STUNTED Malaysian children is a real problem that Putrajaya must admit rather than ignore, said an economist whose recent survey had uncovered a high number of malnourished children in low-cost housing projects..
DM Analytics managing director and chief economist Muhammed Abdul Khalid said Putrajaya needed to acknowledge the problem if it was to be resolved.
“We have a problem with the poor. If we are not going to acknowledge it, we are not going to solve it,” he said at a forum organised by Buku Jalanan today.
He said it was a shame that even the most highly placed leaders were turning a blind eye on the growing epidemic.
“Those in power look the other way. We are not acknowledging it, even at the highest level.”
He also took the Transformasi Nasional (TN50) programme to task for not addressing the issue of poverty among urban kids.
“On the TN50 canvas, not even a word was said. There is no mention of it in the TN50 report.”
Universiti Kebangsaan Malaysia’s Dr Medaline Berma called for affirmative action targeting those living in rural and poverty-stricken areas.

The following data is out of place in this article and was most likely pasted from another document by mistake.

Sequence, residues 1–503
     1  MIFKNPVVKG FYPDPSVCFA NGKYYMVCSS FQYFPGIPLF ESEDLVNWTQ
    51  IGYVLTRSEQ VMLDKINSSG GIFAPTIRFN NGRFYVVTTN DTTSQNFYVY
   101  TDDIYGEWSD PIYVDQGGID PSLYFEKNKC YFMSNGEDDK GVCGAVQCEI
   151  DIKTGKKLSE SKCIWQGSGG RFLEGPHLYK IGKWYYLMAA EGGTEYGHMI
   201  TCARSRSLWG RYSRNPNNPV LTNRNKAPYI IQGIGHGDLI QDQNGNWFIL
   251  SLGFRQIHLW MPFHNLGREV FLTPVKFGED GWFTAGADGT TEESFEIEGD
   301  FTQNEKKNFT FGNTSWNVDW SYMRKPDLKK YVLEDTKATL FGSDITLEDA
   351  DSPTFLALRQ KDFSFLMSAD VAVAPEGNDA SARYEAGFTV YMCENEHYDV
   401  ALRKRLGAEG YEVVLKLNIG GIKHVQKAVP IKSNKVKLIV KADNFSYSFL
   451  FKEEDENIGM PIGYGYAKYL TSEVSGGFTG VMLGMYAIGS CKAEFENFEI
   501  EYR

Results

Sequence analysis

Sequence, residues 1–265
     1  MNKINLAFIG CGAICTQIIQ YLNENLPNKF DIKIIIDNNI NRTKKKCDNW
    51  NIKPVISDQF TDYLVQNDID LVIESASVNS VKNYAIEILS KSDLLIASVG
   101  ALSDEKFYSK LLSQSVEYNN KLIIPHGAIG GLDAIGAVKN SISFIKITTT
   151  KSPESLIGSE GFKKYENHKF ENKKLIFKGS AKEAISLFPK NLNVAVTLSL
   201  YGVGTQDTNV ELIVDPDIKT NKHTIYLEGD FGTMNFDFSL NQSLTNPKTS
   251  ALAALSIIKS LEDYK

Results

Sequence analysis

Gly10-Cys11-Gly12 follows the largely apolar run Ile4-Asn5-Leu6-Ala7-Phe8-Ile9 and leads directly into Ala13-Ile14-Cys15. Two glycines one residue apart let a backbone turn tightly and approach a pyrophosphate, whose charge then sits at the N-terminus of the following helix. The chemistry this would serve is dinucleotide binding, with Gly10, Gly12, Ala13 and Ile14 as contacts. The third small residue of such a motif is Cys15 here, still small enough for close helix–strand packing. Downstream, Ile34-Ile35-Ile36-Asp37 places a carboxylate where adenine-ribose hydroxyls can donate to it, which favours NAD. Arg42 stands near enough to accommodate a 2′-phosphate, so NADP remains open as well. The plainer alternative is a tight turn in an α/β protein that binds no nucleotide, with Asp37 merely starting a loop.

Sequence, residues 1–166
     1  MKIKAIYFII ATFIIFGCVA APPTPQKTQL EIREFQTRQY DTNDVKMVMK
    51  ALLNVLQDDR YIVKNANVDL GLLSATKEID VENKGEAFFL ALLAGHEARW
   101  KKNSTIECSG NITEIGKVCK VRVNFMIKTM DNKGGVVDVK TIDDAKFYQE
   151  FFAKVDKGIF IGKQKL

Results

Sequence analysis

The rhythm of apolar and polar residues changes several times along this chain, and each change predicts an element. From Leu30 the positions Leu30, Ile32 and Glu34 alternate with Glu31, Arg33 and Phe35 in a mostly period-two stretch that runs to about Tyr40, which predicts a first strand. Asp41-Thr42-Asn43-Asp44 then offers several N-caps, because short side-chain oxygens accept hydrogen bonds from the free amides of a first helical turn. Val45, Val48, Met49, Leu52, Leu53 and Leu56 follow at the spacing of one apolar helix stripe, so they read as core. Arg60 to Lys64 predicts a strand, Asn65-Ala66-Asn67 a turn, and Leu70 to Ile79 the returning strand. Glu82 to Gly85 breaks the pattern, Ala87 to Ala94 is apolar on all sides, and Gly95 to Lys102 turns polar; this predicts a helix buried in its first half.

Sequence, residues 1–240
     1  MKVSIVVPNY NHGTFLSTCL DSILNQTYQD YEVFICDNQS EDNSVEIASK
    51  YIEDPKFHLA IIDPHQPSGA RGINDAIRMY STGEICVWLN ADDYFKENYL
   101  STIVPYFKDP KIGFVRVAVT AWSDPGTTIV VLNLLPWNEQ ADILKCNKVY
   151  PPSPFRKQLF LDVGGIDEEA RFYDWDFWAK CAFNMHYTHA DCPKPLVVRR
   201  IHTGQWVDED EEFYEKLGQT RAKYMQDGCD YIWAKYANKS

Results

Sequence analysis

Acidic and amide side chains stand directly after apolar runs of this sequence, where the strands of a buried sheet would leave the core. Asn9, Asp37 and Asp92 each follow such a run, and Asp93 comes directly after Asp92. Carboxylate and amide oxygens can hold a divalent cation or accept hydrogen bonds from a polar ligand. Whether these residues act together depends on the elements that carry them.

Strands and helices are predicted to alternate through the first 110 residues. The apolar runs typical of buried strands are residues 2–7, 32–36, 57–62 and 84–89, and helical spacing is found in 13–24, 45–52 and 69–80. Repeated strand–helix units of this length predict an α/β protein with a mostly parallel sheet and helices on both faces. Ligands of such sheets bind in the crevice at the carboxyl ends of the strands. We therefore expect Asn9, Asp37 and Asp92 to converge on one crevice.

“There are times we need affirmative action. Not because they are Malays but because firm action is needed to improve things.”
Education Minister Mahdzir Khalid recently downplayed the findings of the surveycommission by Unicef, saying the government provided supplementary food programmes (RMT) in all schools in rural and urban areas.
The Unicef report, Children Without: A study of urban child poverty and deprivation in low-cost flats in Kuala Lumpur, published on February 26, states that children living in low-cost flats are deprived in terms of nutrition, education, safety, and healthy living conditions.
The study took measure of government programmes for the urban poor.
It found Kelantan to have the highest number of children under 5 with stunted growth at 34%, followed by Terengganu and Pahang (26% each) and Putrajaya, Perak, Sabah & Labuan (24% each).
Stunted growth in children in Sarawak was 23%, followed by Perlis (21%), Penang (20%), Negri Sembilan (19%), Kedah (18%), Malacca (14%), Johor (12%) and Kuala Lumpur (11%).
The report, which compared countries with similar GDP per capita, said in terms of children with stunted growth, Malaysia was worse than Ghana, despite its GDP per capita being six times higher, at 21%. – March 26, 2018.